Creators and rights’ owners owe it to themselves to protect their work correctly, rather than looking for a cheap solution that will ultimately leave them and their work unprotected when it counts.

This article does not constitute legal advice.

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Speaking Event: Music Licensing in the Digital Age

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Categories: Music Industry, Music Libraries, Music Licensing, Music Publishing, Royalties, Speaking, Tags: , , , , , , , , , , ,

Music Licensing in the Digital Age, Erin M. Jacobson, music attorney, the music industry lawyer

Erin will speak on the panel “Music Licensing in the Digital Age” at the virtual Thriving Roots conference, produced by the Americana Music Association.

Panel information:

“Music Licensing in the Digital Age”
Date:  September 18, 2020
Time:  3:15-4:45 PM Central


Panelists:
Jeff Brabec, Esq., BMG, & Author of Music, Money, and Success
Todd Brabec, Esq., Author of Music, Money, and Success
Erin M. Jacobson, The Music Industry Lawyer
Kirk Schroder, Schroder Brooks Law Firm 

Click here to view the event website.

Click here to register.

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Billboard names Erin M. Jacobson, Esq. to its Top Music Lawyers List for 2020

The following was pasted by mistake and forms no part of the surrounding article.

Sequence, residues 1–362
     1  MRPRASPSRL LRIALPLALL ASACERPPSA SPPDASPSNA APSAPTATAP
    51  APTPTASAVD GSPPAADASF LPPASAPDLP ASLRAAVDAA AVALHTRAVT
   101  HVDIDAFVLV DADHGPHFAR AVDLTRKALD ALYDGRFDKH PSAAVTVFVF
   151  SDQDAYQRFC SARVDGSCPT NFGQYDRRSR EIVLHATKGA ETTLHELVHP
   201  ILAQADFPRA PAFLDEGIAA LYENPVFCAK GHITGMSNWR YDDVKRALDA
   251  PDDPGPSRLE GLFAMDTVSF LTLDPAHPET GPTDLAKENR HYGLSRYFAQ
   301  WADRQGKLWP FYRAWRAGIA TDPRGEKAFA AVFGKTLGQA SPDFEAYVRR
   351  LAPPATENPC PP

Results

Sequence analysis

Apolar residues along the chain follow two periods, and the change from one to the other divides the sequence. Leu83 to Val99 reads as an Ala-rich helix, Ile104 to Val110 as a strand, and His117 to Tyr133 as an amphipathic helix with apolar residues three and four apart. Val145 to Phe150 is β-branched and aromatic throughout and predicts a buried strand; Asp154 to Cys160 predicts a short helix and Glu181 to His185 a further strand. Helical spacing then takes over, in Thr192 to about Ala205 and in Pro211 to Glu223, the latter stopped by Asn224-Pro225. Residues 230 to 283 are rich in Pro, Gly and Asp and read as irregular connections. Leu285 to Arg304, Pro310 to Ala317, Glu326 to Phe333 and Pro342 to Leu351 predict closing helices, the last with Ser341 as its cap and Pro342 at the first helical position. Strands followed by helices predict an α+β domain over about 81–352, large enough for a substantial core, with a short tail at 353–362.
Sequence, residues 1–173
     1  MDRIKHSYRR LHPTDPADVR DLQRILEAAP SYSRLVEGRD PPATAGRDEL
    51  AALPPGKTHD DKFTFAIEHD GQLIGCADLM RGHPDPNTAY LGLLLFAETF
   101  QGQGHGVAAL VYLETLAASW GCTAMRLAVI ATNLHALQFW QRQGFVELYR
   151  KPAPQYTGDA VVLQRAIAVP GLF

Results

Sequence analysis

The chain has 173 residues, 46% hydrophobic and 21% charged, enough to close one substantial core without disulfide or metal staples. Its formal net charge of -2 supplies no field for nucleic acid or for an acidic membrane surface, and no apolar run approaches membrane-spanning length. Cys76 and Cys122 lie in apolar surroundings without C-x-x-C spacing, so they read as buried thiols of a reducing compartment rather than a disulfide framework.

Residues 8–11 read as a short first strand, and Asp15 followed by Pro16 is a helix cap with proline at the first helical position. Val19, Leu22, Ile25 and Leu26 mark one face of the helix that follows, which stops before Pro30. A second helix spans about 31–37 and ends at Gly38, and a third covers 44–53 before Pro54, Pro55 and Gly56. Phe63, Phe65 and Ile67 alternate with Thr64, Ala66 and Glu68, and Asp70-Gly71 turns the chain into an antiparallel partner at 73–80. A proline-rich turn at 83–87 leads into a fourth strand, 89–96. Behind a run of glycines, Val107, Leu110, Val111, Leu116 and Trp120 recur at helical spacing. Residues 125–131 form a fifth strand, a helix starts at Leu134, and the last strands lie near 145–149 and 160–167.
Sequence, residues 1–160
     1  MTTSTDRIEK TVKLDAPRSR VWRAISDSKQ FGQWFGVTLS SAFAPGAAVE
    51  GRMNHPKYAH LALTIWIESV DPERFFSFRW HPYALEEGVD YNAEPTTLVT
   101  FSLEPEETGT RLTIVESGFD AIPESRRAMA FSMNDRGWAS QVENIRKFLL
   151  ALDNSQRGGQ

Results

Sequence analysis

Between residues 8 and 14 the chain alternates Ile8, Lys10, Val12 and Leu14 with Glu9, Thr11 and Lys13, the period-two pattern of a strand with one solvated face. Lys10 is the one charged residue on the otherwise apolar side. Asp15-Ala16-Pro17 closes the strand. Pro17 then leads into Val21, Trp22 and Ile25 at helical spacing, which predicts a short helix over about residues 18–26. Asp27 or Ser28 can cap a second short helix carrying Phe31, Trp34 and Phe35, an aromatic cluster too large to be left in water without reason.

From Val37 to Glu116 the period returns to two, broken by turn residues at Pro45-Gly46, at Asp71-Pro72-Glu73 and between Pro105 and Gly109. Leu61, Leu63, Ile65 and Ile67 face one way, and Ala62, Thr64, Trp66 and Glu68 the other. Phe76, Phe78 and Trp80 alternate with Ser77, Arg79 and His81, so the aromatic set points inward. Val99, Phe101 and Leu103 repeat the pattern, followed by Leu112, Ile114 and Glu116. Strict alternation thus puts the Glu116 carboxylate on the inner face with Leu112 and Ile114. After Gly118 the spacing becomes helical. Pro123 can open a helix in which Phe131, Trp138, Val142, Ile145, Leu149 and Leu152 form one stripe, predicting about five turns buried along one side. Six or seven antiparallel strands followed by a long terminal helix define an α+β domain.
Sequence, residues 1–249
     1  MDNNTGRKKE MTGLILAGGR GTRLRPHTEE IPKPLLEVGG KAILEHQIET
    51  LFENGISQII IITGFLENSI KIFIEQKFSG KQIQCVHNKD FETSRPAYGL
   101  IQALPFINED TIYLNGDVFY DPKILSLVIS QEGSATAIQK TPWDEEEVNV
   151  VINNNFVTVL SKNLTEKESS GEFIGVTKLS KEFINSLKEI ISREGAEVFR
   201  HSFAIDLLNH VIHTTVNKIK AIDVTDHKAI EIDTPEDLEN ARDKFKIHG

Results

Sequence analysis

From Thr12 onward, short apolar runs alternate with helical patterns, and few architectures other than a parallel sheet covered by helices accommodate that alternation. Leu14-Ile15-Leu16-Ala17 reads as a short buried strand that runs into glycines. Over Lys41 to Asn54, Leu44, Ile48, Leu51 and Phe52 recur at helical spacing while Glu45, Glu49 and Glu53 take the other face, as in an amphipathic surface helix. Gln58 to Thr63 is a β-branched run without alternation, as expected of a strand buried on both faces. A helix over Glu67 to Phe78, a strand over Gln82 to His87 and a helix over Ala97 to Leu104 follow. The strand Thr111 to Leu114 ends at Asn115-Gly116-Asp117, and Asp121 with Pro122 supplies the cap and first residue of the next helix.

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Categories: Music Industry, Press, Tags: , , , , , , , , ,

Billboard names Erin M. Jacobson, Esq. to its Top Music Lawyers List for 2020

I can finally announce that Billboard has named me to its Top Music Lawyers List for 2020.

It is an honor to be recognized by Billboard, who has served as an authority in our industry for many years, and to share this honor with my colleagues.

Here’s a link to the full article.

Thanks to Billboard and to all of my clients, and you who are reading this!

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Erin M. Jacobson, Esq. to contribute to Synchtank’s Synchblog!

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Categories: Articles, Tags: , , , , , , , , , , , , ,

I am very happy to announce that I will regularly be contributing articles to Synchtank’s Synchblog! To get started, here is my first article for Synchtank — “Copyright Terminations:  What Rights’ Owners Need to Know“. Synchtank is a software solution that helps music owners organize, maintain, and pitch their catalogues.  For more information on the services Synchtank provides, click here.  To check out their blog, click here.  

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Erin M. Jacobson has been named a 2018 Rising Star and one of the Top Women Attorneys in Southern California by Super Lawyers.